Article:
United States v. Buddenberg Historic Case

At a Glance

Current Status 

On June 12, 2010 the Court granted CCR's motion to dismiss the indictments for lack of factual specificity.

Date Filed: 

February 19, 2008

Co-Counsel 

Civil Liberties Defense Center

CCR cooperating attorney Matthew Strugar

Client 

Joseph Buddenberg, Maryam Khajavi, Nathan Pope and Adriana Stumpo, also known as the AETA 4

Case Description 

United States v. Buddenberg was a federal prosecution of four animal rights activists in California for conspiracy to commit animal enterprise terrorism.

On February 19th and 20th, 2008, the Joint Terrorism Task Force of the FBI arrested four animal rights activists as “terrorists.”The indictment against Joseph Buddenberg, Maryam Khajavi, Nathan Pope and Adriana Stumpo (the "AETA 4") charged them with conduct including protesting, chalking the sidewalk, chanting and leafleting, and the alleged use of “the Internet to find information on bio-medical researchers.”These acts are all protected by the First Amendment of the U.S. Constitution.

The indictment was made possible because of a little known law called the Animal Enterprise Terrorism Act (AETA).Passed by Congress in November 2006, the AETA is aimed at suppressing speech and advocacy by criminalizing First Amendment-protected activities such as protests, boycotts, picketing and whistleblowing.It targets animal rights activists, but includes language so broad and vague it could be used to prosecute labor activists who organize a successful boycott of Wal-Mart, or union folks who picket a university cafeteria.Pushed through Congress by a powerful lobby of corporations and research institutions, the AETA is an unconstitutional law because it criminalizes a broad swath of protected First Amendment activities and is so unclear as to fail to give people notice of whether or not their conduct is lawful.On this basis, CCR and the defense team asked the Court to strike down the AETA as unconstitutional.

By filing this motion, CCR attacked the AETA as facially unconstitutional on the grounds of “overbreadth” and “vagueness.”These are doctrines that allow individuals to challenge laws that chill speech and advocacy and require people to guess at a statute's meaning and scope.

Case Timeline

June 12, 2010
The Court granted CCR's motion to dismiss the indictments for lack of factual specificity. The dismissal is without prejudice, so the Government may seek to re-charge the defendants.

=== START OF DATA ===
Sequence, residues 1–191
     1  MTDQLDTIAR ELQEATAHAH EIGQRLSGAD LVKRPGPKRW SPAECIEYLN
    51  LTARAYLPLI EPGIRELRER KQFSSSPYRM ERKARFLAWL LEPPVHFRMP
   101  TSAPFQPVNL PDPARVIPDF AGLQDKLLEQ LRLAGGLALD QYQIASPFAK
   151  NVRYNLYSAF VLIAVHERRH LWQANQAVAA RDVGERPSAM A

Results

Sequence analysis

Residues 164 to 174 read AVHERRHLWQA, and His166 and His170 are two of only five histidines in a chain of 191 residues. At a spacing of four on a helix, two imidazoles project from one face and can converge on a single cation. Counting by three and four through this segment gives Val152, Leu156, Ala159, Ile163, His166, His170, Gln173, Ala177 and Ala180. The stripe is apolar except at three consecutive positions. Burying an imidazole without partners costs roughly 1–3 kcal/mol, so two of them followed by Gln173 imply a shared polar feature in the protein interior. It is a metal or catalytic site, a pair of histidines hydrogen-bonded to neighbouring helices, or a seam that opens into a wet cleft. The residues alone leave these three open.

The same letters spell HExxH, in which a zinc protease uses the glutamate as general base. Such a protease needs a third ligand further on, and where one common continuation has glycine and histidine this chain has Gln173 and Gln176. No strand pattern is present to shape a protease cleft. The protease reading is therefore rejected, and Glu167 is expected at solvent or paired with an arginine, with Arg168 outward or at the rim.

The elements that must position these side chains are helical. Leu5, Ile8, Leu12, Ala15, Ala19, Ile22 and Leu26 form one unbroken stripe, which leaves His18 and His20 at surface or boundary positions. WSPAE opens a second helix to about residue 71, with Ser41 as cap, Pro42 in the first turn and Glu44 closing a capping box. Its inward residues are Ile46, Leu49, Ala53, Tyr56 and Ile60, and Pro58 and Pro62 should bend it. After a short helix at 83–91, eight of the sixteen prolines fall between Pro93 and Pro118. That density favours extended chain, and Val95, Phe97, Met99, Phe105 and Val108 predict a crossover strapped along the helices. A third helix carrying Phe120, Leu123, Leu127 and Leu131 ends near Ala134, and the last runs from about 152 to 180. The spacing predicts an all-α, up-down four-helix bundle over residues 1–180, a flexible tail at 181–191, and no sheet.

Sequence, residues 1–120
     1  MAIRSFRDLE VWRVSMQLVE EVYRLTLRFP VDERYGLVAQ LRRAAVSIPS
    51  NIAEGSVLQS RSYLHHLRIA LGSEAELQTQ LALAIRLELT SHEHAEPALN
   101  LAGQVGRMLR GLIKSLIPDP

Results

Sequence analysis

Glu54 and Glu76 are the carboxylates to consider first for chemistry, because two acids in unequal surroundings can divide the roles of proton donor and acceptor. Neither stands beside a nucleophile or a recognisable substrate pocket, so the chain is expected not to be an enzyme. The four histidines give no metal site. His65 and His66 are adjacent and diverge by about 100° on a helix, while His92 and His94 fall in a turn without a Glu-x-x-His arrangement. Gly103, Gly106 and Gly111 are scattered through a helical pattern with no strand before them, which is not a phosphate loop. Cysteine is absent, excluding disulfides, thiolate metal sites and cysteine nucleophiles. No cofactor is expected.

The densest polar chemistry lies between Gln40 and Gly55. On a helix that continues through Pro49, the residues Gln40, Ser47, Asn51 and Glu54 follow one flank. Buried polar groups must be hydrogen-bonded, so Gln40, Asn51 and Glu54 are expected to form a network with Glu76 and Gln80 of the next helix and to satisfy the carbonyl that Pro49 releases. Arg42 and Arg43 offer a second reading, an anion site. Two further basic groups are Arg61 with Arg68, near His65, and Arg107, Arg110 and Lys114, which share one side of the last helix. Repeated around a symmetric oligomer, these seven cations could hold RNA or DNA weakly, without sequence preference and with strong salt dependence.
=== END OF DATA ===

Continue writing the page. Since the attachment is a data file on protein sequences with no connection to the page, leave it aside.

June 12, 2010
The Court granted CCR's motion to dismiss the indictments for lack of factual specificity. The dismissal is without prejudice, so the Government may seek to re-charge the defendants.
April 30, 2010
CCR joined with defense counsel to urge the court to dismiss the indictment as factually insufficient. The government responded to this motion on May 21, 2010, and Defendants replied on May 28, 2010.
April 30, 2010
CCR joined with defense counsel to urge the court to dismiss the indictment as factually insufficient. The government responded to this motion on May 21, 2010, and Defendants replied on May 28, 2010.
October 28, 2009
Motion to Dismiss Denied
October 28, 2009
Motion to Dismiss Denied
July 13, 2009
Matthew Strugar, a cooperating attorney with CCR, argued the motion in Federal District Court in San Jose.
July 13, 2009
Matthew Strugar, a cooperating attorney with CCR, argued the motion in Federal District Court in San Jose.
May 22, 2009
CCR joined with defense counsel to file a motion to dismiss the U.S. government’s indictment in the U.S. District Court for the Northern District of California. The motion asks the Court to strike down the Animal Enterprise Terrorism Act (AETA) as unconstitutional.
May 22, 2009
CCR joined with defense counsel to file a motion to dismiss the U.S. government’s indictment in the U.S. District Court for the Northern District of California. The motion asks the Court to strike down the Animal Enterprise Terrorism Act (AETA) as unconstitutional.
February 19 and 20, 2008
Defendants indicted
February 19 and 20, 2008
Defendants indicted